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Afghan Wives, Self-Immolation

For many Afghan women, circumstance can lead to desperation. Forced marriages (for girls as young as 12), extreme poverty, family shame. Mental illness sometimes complicates the situation. New York Times reporter Alissa J. Rubin and photographer Lynsey Addario report on these women and their devastating solution: self-immolation. Setting oneself on fire is a common form of suicide in this part of Afghanistan.

Family members of the survivors are equally devastated. The mother of a teenage wife prays that her daughter does not die with her burns: “That would leave a scar of a thousand years on my heart.”

In October alone, seventy-five women arrived at the Herat Burn Hospital. According to Rubin:

It is shameful here to admit to troubles at home, and mental illness often goes undiagnosed or untreated. Ms. Zada, the hospital staff said, probably suffered from depression. The choices for Afghan women are extraordinarily restricted: Their family is their fate. There is little chance for education, little choice about whom a woman marries, no choice at all about her role in her own house. Her primary job is to serve her husband’s family. Outside that world, she is an outcast.

The Times sheds light on this disturbing trend. How might these Afghan women find options to setting themselves on fire to escape the entrapment of their daily lives?

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RECENT PUBLICATIONS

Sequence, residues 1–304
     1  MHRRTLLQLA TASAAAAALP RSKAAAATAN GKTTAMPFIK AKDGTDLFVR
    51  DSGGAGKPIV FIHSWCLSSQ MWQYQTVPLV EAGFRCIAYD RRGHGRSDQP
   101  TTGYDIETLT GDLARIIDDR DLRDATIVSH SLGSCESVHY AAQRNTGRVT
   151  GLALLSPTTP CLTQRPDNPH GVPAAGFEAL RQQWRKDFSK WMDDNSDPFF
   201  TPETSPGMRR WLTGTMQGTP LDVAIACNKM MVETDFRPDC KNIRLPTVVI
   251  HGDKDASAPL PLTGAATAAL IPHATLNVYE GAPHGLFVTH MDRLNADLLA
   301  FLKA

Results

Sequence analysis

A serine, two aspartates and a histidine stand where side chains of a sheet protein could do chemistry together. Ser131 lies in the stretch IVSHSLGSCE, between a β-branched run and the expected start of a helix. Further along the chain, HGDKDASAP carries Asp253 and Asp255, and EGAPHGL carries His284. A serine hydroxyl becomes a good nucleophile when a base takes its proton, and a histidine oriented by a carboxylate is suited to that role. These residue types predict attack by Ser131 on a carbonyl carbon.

» "Pinays," AGNI, Spring 2016
» "Dandy," Post Road, Spring 2015
» "Wrestlers," Fifth Wednesday, Spring 2014
» "Babies," Joyland, August 2011
» "Nicolette and Maribel," BostonNow, May 2007
» "The Rice Bowl," Memorious, March 2005
» "The Rules of the Game," Screaming Monkeys: Critiques of Asian American Images (Coffee House Press, June 2003)
» "Deaf Mute," Growing Up Filipino (Philippine American Literary House, April 2003)
» "Good Men ," Genre, April 2003
» "The Foley Artist," Drunken Boat, April 2002
» "Squatters," Take Out: Queer Writing from Asian Pacific America (Asian Am. Writers' Workshop, 2001)
» "Deaf Mute," The North American Review, Jan 2001
» "The First Lady of Our Filipino Nation," The Boston Phoenix, 1999
» "Paper Route," Flyway Literary Review, 1996
» "Brainy Smurf and the Council Bluffs Pride Parade," Generation Q (Alyson, 1996)
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Pics from Africa 2010

About Me

https://rsiasoco.wordpress.com/about/

About Me

Ricco Villanueva Siasoco is a Manhattan-based writer and non-profit manager. More

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